Burning the legacy? Influence of wildfire reburn on dead wood dynamics in a temperate conifer forest

TitleBurning the legacy? Influence of wildfire reburn on dead wood dynamics in a temperate conifer forest
Publication TypeJournal Article
Year of Publication2016
AuthorsDonato, DC
Secondary AuthorsFontaine, JB
Tertiary AuthorsCampbell, JL
Start Pagee01341
Keywordsbiomass, black carbon, char, coarse woody debris, combustion, decay, decomposition, disturbance interactions, early-seral, fire, mixed-severity fire, technical reports and journal articles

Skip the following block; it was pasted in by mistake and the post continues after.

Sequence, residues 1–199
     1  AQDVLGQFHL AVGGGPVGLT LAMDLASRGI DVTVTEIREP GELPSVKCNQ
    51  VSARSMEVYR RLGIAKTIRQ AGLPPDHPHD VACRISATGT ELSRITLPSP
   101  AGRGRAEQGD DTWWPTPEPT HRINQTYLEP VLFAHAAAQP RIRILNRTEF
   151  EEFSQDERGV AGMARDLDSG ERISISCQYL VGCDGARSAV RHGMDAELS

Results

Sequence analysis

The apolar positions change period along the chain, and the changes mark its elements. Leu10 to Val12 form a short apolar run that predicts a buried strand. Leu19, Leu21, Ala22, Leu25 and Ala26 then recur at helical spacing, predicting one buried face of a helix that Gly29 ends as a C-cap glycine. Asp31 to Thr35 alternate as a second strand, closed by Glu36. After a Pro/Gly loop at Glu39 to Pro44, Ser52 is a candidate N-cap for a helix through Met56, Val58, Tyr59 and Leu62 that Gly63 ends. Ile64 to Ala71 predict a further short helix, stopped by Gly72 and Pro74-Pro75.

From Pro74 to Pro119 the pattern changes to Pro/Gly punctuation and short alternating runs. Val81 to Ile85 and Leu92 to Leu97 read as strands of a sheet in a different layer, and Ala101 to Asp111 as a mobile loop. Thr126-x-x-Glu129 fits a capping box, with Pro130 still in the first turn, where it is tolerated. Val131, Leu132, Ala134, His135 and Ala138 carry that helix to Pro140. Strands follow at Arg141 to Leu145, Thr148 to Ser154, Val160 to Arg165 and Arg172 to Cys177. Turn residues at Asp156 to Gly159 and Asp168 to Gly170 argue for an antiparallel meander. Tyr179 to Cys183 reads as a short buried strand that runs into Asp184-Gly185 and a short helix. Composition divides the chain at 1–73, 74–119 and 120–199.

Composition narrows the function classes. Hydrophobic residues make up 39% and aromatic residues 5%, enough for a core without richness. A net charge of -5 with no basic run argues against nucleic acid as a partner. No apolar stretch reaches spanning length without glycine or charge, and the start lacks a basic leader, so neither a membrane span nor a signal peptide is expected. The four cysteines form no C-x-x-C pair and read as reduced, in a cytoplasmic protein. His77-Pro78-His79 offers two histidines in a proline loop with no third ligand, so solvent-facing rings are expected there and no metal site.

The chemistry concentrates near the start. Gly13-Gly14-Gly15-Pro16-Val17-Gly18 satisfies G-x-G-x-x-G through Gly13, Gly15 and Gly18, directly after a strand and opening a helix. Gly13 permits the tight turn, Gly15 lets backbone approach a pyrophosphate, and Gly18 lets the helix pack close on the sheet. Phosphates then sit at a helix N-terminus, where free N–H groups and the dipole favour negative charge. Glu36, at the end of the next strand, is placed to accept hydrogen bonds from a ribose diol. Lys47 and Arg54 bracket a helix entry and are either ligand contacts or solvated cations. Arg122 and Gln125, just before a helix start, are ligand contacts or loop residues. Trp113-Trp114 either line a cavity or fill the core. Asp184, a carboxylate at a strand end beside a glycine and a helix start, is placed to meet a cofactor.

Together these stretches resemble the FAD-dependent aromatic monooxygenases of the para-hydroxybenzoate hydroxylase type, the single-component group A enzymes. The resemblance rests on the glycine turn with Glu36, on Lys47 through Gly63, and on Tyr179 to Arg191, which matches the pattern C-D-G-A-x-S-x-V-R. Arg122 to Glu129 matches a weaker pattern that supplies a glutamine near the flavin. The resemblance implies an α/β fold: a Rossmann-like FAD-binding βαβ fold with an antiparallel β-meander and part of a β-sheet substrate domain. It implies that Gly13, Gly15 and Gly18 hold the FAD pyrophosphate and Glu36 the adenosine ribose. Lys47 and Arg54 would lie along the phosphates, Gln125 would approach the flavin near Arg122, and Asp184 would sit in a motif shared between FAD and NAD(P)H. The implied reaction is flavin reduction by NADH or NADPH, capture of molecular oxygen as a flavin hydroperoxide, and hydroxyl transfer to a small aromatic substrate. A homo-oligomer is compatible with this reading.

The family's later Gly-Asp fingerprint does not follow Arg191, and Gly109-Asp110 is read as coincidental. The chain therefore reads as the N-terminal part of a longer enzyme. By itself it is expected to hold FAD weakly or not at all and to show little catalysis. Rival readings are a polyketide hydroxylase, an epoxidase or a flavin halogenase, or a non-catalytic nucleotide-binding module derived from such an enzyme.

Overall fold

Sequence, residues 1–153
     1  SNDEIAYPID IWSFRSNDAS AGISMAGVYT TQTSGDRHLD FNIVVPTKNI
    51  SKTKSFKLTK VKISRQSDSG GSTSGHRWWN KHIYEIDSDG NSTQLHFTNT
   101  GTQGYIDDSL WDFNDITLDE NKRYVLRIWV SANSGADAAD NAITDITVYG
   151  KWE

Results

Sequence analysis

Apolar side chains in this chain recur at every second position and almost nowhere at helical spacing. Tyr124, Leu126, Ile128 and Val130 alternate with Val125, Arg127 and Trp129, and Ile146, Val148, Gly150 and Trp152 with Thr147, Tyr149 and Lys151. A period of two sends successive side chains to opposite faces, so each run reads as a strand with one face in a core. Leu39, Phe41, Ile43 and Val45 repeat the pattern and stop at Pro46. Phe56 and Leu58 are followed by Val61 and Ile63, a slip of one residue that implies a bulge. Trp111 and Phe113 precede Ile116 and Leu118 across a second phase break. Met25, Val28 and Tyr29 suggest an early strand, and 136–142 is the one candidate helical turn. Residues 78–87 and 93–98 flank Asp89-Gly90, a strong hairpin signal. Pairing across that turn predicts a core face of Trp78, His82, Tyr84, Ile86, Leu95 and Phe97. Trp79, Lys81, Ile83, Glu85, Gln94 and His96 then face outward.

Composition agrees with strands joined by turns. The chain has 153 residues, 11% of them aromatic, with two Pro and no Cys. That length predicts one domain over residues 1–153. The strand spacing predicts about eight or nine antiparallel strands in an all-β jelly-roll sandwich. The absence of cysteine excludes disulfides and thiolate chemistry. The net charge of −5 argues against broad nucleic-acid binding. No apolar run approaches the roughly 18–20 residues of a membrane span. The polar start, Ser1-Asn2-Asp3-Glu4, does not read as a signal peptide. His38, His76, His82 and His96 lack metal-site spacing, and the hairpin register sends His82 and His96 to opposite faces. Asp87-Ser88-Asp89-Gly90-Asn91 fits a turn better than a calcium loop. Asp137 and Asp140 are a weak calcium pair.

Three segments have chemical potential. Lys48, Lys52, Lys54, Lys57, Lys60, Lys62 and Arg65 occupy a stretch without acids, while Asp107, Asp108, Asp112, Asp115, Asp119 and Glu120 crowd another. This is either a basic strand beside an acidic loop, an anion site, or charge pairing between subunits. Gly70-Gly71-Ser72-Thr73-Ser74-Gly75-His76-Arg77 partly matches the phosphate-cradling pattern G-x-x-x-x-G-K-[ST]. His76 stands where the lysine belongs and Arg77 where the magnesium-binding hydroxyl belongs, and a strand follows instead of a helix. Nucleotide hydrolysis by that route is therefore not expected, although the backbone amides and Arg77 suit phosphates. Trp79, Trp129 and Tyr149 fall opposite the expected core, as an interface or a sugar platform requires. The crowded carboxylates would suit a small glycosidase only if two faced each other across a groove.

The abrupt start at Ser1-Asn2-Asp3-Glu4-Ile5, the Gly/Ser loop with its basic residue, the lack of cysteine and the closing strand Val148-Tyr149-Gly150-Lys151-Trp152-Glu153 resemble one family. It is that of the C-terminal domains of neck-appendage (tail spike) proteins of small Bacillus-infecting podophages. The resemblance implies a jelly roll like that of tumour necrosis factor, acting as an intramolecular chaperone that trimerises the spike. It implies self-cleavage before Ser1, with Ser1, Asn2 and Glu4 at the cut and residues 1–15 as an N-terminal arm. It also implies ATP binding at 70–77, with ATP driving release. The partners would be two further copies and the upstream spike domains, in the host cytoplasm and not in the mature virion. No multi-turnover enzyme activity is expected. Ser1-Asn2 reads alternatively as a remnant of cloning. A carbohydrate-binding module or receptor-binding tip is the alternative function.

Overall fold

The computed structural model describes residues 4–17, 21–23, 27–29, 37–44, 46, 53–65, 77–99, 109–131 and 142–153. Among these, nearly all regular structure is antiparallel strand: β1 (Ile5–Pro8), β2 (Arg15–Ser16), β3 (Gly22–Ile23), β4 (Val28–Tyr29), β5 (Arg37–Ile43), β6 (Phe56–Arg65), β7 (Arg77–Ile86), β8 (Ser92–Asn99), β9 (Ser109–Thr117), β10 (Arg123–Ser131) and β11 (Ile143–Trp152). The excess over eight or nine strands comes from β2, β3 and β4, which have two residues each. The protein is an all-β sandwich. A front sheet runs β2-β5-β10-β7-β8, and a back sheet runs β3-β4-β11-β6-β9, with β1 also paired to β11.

Dynamics of dead wood, a key component of forest structure, are not well described for mixed- severity fi re regimes with widely varying fi re intervals. A prominent form of such variation is when two stand- replacing fi res occur in rapid succession, commonly termed an early- seral “reburn.” These events are thought to strongly infl uence dead wood abundance in a regenerating forest, but this hypothesis has scarcely been tested. We measured dead wood following two overlapping wildfi res in coniferdominated forests of the Klamath Mountains, Oregon (USA), to assess whether reburning (15- yr interval, with >90% vegetation mortality) resulted in lower dead wood abundance and altered character relative to once- burned stands, and how any diff erences may project through succession. Total dead wood mass (standing + down) following the reburn (169 ± 83 Mg/ha [95%CI]) was 45% lower than after a single fire (309 ± 87 Mg/ha). Lower levels in reburn stands were due to, in roughly equal parts, additional combustion and greater time for decay. Although a single fi re in mature forest both consumed and created dead wood (by killing large live trees), a reburn only consumed dead wood (few large live trees to kill). Charred biomass (black carbon generation) was higher in reburned stands by a factor of 2 for logs and 8 for snags. Projecting these stands forward (notwithstanding future disturbances) suggests: (1) the near- halving of dead- wood mass in reburn stands will persist for ~50 yr until the recruitment of new material begins, and (2) the reburn signature on dead wood abundance will remain apparent for over a century. These findings demonstrate how a single stochastic variation in disturbance interval can impart lasting infl uence on dead- wood succession, reinforcing the notion that many temperate forests exist in a state of dead- wood disequilibrium governed by site- specifi c disturbance history. Accounting for such variation in disturbance impacts is crucial to better understanding forests with complex mixed- severity disturbance regimes and with increasing stochasticity under climatic change.